Kindles (not library friendly)

10/01/2010 02:24 PM

And I’ll throw a few more cents in, and remind everyone that Amazon has not, thus far, indicated that lending the device is actually ok–it does violate the terms of use, but they haven’t taken a stance.  I asked them directly at the Book Expo two years ago (wow) and they said that they won’t give libraries the go-ahead, but they’re not making that public.

Also, public libraries are buying content that doesn’t work on the Kindle.  Let’s not make this ONE brand become the all and end all to ebook lending in libraries.  There are lots of options, and some vendors (Sony, B&N for example) have acknowledged the public library in their own advertising.

Jennifer Inglis, MAT, MSLIS
Framingham High School


MBLC – feasibility study

10/01/2010 02:09 PM

As the MBLC is already preparing for our next RFP process for statewide databases for FY13 (to start July 2012), the MBLC will be conducting surveys to examine the scope of electronic resources for the next  contract, as well as the feasibility of licensing e-books on a statewide basis.

If you haven’t already seen it,  the Chief Officers of State Library Agencies (COSLA) just released their e-book report, “eBook Feasibility Study for Public Libraries.” This report was researched and written by a COSLA Task Force made up of the state librarians from California, Kansas, Oregon, and Rob Maier from the MBLC, as well as Tom Peters and Pinpoint Logic, a design strategy company.  The task force interviewed ten library managers and staff from urban, suburban, and rural public libraries regarding eBook access, delivery and devices.  The report concludes that the following are short and long-term overall needs regarding eBooks:

•          Finding a low-cost way to lend devices through the library or let people try them out

•          Improving the ease of use for discovering and getting library eBooks

•          Expanding access to eBooks through larger collections and national buying pools while delivering real-time local statistics in a manner that helps library funders see the value of large-scale collaboration at the local level

•          Applying leverage to publishers and vendors for better pricing, licensing models, more reasonable copyright or DRM models around shared use, and standards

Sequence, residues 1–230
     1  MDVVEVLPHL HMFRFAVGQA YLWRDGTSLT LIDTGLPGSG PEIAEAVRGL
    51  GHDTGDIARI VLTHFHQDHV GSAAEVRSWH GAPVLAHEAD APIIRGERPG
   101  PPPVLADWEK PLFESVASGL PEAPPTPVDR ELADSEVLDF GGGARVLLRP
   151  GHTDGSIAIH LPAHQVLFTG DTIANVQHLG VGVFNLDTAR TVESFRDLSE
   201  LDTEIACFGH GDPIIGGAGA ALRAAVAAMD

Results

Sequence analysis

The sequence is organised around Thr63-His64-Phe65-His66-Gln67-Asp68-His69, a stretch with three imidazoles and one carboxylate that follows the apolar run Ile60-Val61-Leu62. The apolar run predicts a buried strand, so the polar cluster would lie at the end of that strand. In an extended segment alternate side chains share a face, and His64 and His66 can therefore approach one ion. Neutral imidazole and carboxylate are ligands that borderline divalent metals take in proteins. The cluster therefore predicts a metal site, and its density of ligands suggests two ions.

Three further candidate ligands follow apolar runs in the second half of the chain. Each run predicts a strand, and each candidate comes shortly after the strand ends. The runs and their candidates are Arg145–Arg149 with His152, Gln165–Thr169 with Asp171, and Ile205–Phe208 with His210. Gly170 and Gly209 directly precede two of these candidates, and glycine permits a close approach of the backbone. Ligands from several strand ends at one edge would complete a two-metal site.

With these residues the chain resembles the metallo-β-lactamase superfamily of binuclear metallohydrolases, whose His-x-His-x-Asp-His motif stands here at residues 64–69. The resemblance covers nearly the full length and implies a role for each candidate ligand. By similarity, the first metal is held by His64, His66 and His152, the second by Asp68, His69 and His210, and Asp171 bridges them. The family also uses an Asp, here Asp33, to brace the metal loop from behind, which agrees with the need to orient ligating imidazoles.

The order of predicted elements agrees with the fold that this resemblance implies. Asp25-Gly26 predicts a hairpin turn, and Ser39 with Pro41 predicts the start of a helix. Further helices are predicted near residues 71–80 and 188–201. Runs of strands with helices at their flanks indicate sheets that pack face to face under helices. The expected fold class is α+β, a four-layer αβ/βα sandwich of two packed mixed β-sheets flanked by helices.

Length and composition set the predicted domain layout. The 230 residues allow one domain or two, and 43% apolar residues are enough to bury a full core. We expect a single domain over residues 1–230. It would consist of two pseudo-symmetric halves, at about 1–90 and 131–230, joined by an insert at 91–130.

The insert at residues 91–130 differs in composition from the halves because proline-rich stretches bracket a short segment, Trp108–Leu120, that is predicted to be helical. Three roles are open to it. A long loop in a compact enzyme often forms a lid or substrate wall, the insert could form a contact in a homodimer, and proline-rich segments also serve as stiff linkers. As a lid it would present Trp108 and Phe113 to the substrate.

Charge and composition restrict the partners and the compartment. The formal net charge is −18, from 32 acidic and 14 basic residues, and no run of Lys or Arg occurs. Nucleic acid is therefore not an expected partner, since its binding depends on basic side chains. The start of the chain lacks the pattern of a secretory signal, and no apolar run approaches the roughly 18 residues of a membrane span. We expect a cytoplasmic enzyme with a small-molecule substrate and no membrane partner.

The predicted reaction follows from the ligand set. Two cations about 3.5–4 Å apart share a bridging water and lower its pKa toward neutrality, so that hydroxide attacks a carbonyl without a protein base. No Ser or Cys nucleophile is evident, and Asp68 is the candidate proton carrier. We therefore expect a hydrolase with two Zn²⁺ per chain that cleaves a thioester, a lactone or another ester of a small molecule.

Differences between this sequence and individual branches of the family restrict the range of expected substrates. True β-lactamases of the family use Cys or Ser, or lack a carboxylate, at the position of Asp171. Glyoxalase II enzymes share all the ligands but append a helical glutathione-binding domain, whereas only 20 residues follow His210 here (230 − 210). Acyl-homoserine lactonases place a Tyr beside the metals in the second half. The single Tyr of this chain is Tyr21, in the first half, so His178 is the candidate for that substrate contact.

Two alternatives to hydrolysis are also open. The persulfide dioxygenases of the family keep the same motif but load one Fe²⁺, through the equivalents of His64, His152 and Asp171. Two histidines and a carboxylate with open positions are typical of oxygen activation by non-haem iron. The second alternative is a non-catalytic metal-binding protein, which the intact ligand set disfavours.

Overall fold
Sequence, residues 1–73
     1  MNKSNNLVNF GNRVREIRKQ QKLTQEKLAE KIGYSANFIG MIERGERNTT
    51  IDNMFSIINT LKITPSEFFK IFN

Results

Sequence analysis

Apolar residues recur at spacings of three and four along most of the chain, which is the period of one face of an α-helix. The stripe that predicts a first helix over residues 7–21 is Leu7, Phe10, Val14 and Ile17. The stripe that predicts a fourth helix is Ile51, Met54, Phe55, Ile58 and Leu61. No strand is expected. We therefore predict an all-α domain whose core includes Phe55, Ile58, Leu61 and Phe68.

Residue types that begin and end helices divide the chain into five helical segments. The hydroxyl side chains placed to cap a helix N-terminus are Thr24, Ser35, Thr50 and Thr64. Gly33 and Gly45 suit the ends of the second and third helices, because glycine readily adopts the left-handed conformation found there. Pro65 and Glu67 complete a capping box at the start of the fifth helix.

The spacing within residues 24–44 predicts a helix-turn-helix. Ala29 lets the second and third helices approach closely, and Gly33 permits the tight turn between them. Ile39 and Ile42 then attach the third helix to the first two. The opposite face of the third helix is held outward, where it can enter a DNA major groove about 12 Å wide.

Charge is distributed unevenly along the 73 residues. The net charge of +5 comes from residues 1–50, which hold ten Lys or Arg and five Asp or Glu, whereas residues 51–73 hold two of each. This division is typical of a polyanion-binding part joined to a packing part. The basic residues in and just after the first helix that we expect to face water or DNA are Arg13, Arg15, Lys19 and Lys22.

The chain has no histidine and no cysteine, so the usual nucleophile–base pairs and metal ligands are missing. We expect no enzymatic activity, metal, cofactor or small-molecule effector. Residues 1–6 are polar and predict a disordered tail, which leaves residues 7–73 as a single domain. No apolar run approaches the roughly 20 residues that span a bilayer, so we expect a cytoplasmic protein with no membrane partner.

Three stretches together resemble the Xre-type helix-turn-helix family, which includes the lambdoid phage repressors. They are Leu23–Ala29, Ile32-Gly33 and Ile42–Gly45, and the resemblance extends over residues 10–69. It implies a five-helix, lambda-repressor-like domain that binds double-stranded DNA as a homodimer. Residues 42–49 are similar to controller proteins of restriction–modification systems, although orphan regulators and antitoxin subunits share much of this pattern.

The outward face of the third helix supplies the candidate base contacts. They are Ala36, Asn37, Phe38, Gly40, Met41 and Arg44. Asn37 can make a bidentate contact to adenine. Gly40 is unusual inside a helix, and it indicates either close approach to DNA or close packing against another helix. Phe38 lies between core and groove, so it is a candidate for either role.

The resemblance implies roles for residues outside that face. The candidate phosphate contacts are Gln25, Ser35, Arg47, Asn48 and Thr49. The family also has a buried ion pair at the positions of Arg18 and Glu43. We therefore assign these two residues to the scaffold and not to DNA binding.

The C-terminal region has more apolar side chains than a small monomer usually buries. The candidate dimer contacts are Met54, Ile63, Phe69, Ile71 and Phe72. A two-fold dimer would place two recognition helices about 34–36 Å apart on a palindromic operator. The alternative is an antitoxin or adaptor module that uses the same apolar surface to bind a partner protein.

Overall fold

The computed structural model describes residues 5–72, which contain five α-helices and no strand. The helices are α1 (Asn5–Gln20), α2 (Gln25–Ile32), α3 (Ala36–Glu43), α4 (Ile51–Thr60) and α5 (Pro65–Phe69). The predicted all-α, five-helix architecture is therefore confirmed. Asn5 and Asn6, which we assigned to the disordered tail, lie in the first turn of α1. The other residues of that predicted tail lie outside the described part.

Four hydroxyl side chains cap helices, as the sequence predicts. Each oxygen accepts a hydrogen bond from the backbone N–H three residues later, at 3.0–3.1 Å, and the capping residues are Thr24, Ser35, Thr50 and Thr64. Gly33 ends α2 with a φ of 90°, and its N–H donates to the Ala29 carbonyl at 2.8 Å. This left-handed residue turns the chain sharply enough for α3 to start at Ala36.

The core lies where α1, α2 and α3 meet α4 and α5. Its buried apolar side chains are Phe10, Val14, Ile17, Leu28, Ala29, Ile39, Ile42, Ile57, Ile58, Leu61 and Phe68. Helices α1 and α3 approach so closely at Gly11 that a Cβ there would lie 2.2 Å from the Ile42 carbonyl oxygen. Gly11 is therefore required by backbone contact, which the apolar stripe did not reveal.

•          Exploring how libraries can transition from an emphasis on content supplier to creating spaces that invite social interaction around learning and living literature

Quoted directly from the report, p.6. To see the full-report on line go to:

Finally, you might also want to take a look at, a new free e-book reading software developed by Baker and Taylor, Kurzweil Technologies and the National Federation for the Blind.  Blio works on all devices (pc’s, laptops, mobile phones, I-Pads, etc.)  It removes the purchaser (in our case, libraries) from being tied to a specific platform or device.  It presents books as they are laid out in printed form, color, pictures (think cookbooks!), while letting you zoom in and out, read the same book on multiple devices at the same time (start on your pc, finish on your mobile phone), etc.  For more information see

Marlene Sue Heroux
Reference Information Systems Specialist
Massachusetts Board of Library Commissioners

ALA – Equitable Access

10/01/2010 01:28 PM

The American Library Association is in the process of forming a Presidential Task Force to deal with this issue.  This is the result of resolution that was passed at ALA annual in Washington D.C.  I created the resolution, along with two other librarians, in my capacity as MLA Chapter Councilor to ALA.  I’ve attached the resolution to this email, as I think that it delineates all of the access problems to e-content challenging the nation’s libraries.  The task force will report back to Council at the 2010 annual meeting in New Orleans.

A Resolution to Ensure Equitable Access to All Formats.doc


Jacqueline Rafferty, MA Chapter Councilor to ALA
Library Director
Paul Pratt Memorial Library


Circulating Kindles

10/01/2010 12:18 PM
We have found a way around the “credit card required” problem for the Kindle. In Amazon we have two accounts associated with our login : One personal (pay with credit cards), one corporate. As you said, you cannot purchase kindle books with the corporate account because that revolving credit line does not act like a credit card and will not work with their “one click shopping” requirements.
We can, however,  purchase gift cards with our corporate amazon account (and pay for these cards with purchase orders). We load the gift cards onto the personal Amazon account in order to enable the one-click shopping feature. This allows us to purchase and download books to the kindle. We can buy books on the kindle, but pay for them by purchase orders. It requires a couple of extra steps and some extra book keeping, but it gets us around the problem.
One tip – make sure you “deregister” the kindle after you load all of the books, otherwise your patrons may be able to purchase books using any money left in your gift card/personal account. You also want to “deregister” if you have a credit card associated with the account, to make sure no unauthorized purchases are made.
Please contact me with any questions.

Emily Smith
Technology Librarian
Belmont Public Library